Mark Reads ‘The Amazing Maurice and His Educated Rodents’: Chapter 11, Part II

In the second half of the eleventh chapter of The Amazing Maurice, Keith faces down the rat piper. Intrigued? Then it’s time for Mark to read Discworld. 


Sergeant Doppelpunkt

I just want to state definitively that I love this name. A lot.

It seems that Pratchett is quite fond of the fact that all Watch guards everywhere are, in some small or large way, exactly the same. Or, rather, that the same three or four archetypes appear in all Watch members across the Disc. It’s not hard to believe that this chapter would unfold in exactly the same manner if we swapped out Doppelpunkt and Knopf with Colon or Nobbs. RIGHT. TOTALLY THE SAME STORY.

The Rat Piper

Y’all. This character is written here as an aggressively horrible combination between an assassin and a rock star. THAT IS THE BEST DESCRIPTION THAT I COULD COME UP WITH. In many ways, the Piper inspires fear, and that’s mostly because of the stories that follow him. He’s built an aura of terror around him through this sort of mythology, and I would guess that all of it is untrue. I don’t think he can do any of the things that people believe he can do. Is he going to correct that perception? Oh, most certainly not. Why would he??? He’s got a reputation that makes people LITERALLY COWER IN FEAR when they are around him! And that’s where I got the “rock star” comparison. He makes demands—like the demand to bring the mayor to him along with a VERY SPECIFIC BREAKFAST—because he knows people will do it.

I say this because before I moved into doing critical analysis shit online, I was involved in the music industry. I’ve seen band riders. I’ve witnessed people in “popular” groups or with massive careers make absurd demands as if they are perfectly reasonable. I’ve seen some folks make demands knowing they are unreasonable, but they did so because it was a power play. In this situation, the piper is absolutely obsessed with power. He knows he has a talent or a service that people need; he knows that he has leverage due to the fear folks have of him; and he knows that in the end, no one will challenge him.

No one, that is, until Keith.

Keith & Malicia

We’ve witnessed the transformation of the rats and the incredible redemption of Maurice, which felt truly impossible at the start of this book. And now, with the help of everyone, Keith gets his moment to shine. After the Mayor fails to deal with the piper’s agent (I CAN’T BELIEVE HE HAS AN AGENT EXCEPT I TOTALLY DO), Keith makes his final stand with Malicia at his side. She’s here because the story demands it. Who else would be able to point out to the piper that he’s walked into a trap?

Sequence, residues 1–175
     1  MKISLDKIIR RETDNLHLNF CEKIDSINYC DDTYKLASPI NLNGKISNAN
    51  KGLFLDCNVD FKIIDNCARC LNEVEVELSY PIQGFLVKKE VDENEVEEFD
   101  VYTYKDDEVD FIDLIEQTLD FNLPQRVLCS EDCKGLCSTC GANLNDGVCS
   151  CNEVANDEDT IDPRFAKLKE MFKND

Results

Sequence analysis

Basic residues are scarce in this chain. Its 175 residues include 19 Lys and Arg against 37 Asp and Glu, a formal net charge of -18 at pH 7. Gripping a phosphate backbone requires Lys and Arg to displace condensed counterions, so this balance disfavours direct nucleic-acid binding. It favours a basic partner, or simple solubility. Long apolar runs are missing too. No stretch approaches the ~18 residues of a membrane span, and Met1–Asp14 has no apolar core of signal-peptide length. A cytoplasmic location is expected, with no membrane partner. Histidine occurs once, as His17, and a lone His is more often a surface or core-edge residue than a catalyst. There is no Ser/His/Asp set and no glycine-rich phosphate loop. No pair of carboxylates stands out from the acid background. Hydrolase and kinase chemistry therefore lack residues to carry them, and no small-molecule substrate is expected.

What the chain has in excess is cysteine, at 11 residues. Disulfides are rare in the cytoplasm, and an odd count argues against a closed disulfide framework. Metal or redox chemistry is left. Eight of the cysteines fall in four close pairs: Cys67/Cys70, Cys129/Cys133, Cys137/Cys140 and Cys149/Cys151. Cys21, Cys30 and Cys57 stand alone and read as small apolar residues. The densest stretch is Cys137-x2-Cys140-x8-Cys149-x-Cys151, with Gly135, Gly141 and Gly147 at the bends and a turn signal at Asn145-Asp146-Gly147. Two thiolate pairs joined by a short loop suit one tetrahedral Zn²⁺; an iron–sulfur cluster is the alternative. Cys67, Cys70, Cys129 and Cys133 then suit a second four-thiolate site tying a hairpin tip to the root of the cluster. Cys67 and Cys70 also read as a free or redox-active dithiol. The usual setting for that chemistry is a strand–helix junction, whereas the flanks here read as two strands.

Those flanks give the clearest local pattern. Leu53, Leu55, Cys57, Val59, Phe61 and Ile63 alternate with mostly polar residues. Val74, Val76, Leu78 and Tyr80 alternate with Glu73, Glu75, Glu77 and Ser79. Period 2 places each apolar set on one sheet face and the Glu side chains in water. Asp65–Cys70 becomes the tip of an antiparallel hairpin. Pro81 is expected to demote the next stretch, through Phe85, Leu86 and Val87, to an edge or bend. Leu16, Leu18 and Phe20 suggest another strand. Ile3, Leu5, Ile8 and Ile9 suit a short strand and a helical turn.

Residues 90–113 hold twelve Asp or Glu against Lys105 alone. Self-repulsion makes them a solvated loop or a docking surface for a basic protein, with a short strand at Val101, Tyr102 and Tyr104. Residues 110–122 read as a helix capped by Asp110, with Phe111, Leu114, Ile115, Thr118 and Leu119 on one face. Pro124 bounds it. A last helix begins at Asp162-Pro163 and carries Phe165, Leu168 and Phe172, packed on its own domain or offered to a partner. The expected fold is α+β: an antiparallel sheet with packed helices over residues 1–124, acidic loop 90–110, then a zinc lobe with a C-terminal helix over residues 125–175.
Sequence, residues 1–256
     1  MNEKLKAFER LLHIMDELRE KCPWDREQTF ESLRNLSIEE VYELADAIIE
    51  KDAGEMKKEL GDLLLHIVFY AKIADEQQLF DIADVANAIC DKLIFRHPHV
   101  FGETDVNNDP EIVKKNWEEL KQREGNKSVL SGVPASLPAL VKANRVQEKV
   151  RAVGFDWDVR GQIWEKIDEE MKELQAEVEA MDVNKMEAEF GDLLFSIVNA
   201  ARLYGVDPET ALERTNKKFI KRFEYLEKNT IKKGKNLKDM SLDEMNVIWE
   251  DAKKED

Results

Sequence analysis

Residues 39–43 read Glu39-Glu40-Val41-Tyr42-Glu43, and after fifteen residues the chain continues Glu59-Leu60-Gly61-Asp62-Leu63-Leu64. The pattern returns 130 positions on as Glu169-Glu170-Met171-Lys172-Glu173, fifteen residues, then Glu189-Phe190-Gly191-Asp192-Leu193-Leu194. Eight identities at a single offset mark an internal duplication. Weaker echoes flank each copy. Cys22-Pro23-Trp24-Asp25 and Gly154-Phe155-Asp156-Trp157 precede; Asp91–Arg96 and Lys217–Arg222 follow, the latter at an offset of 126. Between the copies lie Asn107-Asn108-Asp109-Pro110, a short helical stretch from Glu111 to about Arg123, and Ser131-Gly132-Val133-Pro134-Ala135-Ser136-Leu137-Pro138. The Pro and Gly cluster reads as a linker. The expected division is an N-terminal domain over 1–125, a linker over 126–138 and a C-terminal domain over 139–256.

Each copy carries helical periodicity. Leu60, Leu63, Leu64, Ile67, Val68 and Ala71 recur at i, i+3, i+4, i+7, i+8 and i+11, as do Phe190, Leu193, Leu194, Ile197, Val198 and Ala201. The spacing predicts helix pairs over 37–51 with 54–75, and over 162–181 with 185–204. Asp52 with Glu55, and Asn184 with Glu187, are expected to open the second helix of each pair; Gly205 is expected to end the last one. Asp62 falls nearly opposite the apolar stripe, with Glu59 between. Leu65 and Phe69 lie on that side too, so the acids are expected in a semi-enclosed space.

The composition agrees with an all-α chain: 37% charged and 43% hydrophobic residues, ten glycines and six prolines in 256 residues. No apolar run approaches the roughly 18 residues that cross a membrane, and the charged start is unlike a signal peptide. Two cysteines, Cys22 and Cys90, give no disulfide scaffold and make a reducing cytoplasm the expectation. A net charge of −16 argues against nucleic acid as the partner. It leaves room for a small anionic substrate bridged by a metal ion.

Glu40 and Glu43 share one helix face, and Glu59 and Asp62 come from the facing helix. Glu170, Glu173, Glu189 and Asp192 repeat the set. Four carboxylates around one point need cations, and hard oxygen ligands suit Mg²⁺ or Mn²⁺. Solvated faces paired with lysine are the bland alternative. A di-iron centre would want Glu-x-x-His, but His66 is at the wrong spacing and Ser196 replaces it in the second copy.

“We all know what happens when a mysterious orphan turns up and challenges someone big and powerful, don’t we? It’s like being the third and youngest son of a king. He can’t help but win!”

Indeed, this feels designed that way, and IT’S SO MUCH FUN. Because of course Keith wouldn’t charge Bad Blintz a penny for clearing the town of rats if he won. That’s not who he is. (I imagine he’s got another plan up his sleeve anyway.) Instead, he has the rats—his friends!!!—on his side, and he’s thinking of them. He wants them to be safe, and he wants this piper gone, and thus, THE GREATEST PLAY EVER UNFOLDS. Sardines dances comically for Keith, and the rest of the rats utilize cotton to stuff their ears so they won’t be affected by the piper’s playing.


“You’ve done something,” he hissed.

“Oh yes?” said Malicia, loudly. “What could he have done? Told the rats to stay underground with their ears blocked up?”

BLESS YOUR HEART. It all unravels from their. The piper is only able to lull MR. CLICKY from beneath the city, and the piper concedes defeat. It’s because of this, though, that the curtain is pulled back, and the piper’s characterization is revealed to be… a character. A fake. An image that he gives to towns so that they believe the magic of the piper. So I admired that Keith wanted to keep that magic going for the townsfolk… well, some of the townsfolk. In a neat twist, Keith reveals to the Mayor that the rats can talk and think and initially, it was a little confusing. Why? Why reveal this? On the one hand, I saw it as a means for the Mayor to realize that maybe his daughter was obsessed with stories for a reason. It was a form of validation for Malicia. But unlike Maurice in the early parts of this book, Keith deeply cared about the rats. And it was worth the risk to reveal the truth about the Changed creatures because they could negotiate.

This is the endgame, isn’t it? This is how they’ll find a way to co-exist, right??? I NEED MORE.

Mark Links Stuff

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About Mark Oshiro

Perpetually unprepared since '09.
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